Why Young Graduates Need to Slash Their Bar Budget

Why Young Graduates Need to Slash Their Bar Budget

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Recent reports show Americans are spending more money than ever at bars on popular beverages like beer and wine (liquor, on the other hand, has actually lost bar market share in recent decades). Around 64 percent of American adults drink alcohol, and on average Americans use about 1 percent of their total spending income on alcoholic drinks – a number most likely much higher for the 20-something crowd with their lower salaries and greater time spent at local bars. Just five drinks a week at $8 a drink, for example, adds up to more than $160 a month – money that could be much better spent on auto loans, student debt, or property investments.

Debt and Drinking: An Unwise Mix

While even entry level jobs can offer some discretionary income, recent college graduates already have a plethora of long-term costs to deal with: Heading out each weekend to tap overpriced drinks at the bar puts weight on precarious finances. Student debt, for example, has been on the rise in the past decade, growing by 77 percent in volume, and the rates of delinquent payments have also increased. These days, students have between $30,000 and $35,000 in loan debt on average to pay off when they graduate.

With this kind of financial weight, even the discretionary expenses that recent graduates choose can have an important impact on their monthly finances. A few drinks a week can make it that much easier to skip a loan payment or two – which leads to a wrecked credit score, legal fines, and potential bankruptcy. If graduates lose those entry-level jobs in this turbulent job market, the pressure grows even more intense.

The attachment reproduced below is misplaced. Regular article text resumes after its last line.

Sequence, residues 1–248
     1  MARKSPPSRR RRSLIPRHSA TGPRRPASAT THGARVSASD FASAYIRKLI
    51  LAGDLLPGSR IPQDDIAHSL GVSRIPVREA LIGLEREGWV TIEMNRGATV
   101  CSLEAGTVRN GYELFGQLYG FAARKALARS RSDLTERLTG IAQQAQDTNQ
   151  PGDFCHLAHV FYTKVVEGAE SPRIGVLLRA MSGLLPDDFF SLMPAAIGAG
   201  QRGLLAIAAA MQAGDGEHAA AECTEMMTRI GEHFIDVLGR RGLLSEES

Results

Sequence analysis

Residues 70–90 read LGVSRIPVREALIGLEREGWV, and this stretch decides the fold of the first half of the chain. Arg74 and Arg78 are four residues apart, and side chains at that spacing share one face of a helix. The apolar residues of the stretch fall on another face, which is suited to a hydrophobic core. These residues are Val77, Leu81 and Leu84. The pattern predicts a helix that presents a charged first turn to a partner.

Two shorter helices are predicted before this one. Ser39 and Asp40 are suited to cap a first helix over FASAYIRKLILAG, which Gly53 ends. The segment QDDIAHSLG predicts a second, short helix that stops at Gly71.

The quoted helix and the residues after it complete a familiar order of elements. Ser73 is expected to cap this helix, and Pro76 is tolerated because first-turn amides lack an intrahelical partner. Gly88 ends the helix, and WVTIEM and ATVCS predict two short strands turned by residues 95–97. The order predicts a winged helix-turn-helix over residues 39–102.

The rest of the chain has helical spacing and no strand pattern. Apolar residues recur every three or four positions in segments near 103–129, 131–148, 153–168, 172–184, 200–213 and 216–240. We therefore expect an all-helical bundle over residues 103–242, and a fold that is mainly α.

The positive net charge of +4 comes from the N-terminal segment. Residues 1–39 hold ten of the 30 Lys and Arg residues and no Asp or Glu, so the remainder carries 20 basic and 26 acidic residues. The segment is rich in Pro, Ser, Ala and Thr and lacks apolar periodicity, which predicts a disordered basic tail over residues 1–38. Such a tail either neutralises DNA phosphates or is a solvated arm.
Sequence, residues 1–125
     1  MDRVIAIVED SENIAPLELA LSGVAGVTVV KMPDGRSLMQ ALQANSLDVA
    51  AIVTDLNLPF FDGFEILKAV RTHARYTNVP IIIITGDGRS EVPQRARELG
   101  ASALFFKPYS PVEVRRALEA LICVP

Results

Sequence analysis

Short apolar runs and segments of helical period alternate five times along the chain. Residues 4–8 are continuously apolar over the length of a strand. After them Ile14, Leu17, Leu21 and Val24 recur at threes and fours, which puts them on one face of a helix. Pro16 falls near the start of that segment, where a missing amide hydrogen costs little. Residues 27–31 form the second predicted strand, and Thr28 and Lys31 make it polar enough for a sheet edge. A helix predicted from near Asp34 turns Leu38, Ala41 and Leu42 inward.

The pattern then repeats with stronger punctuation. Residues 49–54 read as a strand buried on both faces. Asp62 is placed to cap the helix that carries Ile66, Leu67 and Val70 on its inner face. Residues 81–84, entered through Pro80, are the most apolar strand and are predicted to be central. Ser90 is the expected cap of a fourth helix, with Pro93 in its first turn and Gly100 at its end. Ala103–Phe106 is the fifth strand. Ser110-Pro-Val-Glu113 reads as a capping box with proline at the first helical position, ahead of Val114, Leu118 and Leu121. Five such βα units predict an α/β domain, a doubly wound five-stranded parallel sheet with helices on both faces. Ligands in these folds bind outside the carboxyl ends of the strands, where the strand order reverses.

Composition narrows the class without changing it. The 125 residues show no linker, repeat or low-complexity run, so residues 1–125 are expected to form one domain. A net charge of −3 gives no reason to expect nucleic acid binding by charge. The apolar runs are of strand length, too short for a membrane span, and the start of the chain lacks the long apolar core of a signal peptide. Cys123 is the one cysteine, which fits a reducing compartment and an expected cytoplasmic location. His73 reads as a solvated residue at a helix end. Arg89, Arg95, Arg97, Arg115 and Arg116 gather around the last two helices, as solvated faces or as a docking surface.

Cutting the Bar Costs: 4 Strategies to Save Drinking Money

Of course, 20-somethings don’t have to give up drinking altogether. But there are wiser ways to spend money on alcohol and at bars that do not have to break fragile budgets. Young workers can cut their drink expenses by:

Going For the Can or Bottle: Buying a six-pack at the store and taking it back for a house party can help cut costs at multiple levels.

Dodging the Cocktails: Cocktails add fat-bringing, unnecessary sugars and colors – and typically raise the cost of a drink by several dollars. Young bar hoppers can skip them to help save more money at the bar.

Experimenting with Home Brewing: Home brewing and stills can be fun, rewarding, and even surprisingly beautiful. After the initial investment, the hobby will be less expensive than buying other people’s drinks.

Stop Ordering Food and Drink Slower: That happy hour food adds both weight and dollar signs. Graduates can skip it and drink on-the-rocks beverages more slowly, to both save money and avoid the food cravings alcohol can bring.

Saving money if it isn’t already part of your annual budgeting plans, soon will be as it’s just a part of life. However it can be fun, if you simply realize how the saved money can go toward a vacation, a dream car, a down payment on a nice home and so on. Being prudent with your money now as a grad, can lead to many riches later when all is said and done with school.

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